Ka'apor Sign Language

Ka'apor Sign Language

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Please note that the content of this book primarily consists of articles available from Wikipedia or other free sources online. Urub Sign Language is a sign language used by the small community of Ka'apor people in the state of Maranh o. Linguist Jim Kakumasu observed in 1968 that the number of deaf people in the community was 7 out of a population of 500. This relatively high ratio of deafness has led to both hearing and deaf members of the community using the language, and most hearing children grow up bilingual in the spoken and signed languages. Other Indian tribes in the region have also been reported to use sign languages. Notable features of Urub Sign Language are its Object Subject Verb word order, and its locating of the past in front of the signer and the future behind, like Japanese Sign Language and in contrast to sign languages of European origin, including American Sign Language, Auslan and New Zealand Sign Language. Kyle and Woll speculate that this is represents a world view of the past as something visible, and the future as unknowable.show more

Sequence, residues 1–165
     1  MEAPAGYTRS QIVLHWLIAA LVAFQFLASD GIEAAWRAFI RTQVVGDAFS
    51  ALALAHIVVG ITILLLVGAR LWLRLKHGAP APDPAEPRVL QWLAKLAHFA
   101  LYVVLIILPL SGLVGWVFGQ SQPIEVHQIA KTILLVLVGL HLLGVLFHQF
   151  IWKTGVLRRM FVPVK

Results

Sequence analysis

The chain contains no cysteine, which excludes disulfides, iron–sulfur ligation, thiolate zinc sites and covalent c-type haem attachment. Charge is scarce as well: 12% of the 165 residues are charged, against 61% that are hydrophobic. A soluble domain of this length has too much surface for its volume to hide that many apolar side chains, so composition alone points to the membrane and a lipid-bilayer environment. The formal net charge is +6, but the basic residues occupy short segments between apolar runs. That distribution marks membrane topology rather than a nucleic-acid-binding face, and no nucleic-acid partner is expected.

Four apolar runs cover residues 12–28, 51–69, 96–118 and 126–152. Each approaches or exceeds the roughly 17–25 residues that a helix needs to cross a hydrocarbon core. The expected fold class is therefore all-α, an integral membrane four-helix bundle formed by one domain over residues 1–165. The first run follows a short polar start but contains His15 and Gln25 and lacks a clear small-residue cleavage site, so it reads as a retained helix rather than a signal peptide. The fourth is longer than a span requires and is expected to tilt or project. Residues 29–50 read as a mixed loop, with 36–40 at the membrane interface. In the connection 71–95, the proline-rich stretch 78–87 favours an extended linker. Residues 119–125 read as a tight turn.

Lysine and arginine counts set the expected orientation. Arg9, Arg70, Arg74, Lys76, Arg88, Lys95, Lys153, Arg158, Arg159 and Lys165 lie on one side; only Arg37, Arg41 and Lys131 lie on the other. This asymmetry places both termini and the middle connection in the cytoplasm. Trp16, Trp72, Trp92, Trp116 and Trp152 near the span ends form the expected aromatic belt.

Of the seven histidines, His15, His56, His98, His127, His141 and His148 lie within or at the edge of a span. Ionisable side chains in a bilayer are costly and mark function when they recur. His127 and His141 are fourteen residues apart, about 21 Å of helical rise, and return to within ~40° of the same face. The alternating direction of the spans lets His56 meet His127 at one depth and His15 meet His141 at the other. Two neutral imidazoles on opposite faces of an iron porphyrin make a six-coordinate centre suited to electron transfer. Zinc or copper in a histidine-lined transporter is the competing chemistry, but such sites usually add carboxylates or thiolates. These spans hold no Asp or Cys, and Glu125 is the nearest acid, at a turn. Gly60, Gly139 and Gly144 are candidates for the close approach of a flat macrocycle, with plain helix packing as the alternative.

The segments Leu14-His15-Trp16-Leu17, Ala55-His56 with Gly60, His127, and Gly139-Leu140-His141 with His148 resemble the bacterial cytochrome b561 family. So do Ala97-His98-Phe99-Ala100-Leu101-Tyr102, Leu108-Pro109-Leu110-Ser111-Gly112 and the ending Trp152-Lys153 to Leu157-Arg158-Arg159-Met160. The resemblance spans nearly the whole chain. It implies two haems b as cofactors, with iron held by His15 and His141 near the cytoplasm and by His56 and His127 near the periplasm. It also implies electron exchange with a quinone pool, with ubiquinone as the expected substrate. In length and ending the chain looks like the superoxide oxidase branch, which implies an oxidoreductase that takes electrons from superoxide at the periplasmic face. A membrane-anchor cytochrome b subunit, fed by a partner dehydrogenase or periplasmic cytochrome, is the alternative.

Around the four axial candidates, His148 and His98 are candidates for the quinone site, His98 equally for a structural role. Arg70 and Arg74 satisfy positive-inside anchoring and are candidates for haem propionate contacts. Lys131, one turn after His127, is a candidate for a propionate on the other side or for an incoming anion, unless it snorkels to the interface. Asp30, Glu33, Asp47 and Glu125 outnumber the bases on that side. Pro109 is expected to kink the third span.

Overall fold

Product details

  • Paperback | 80 pages
  • 152 x 229 x 5mm | 127g
  • CIV
  • United States
  • English
  • black & white illustrations
  • 6136768593
  • 9786136768595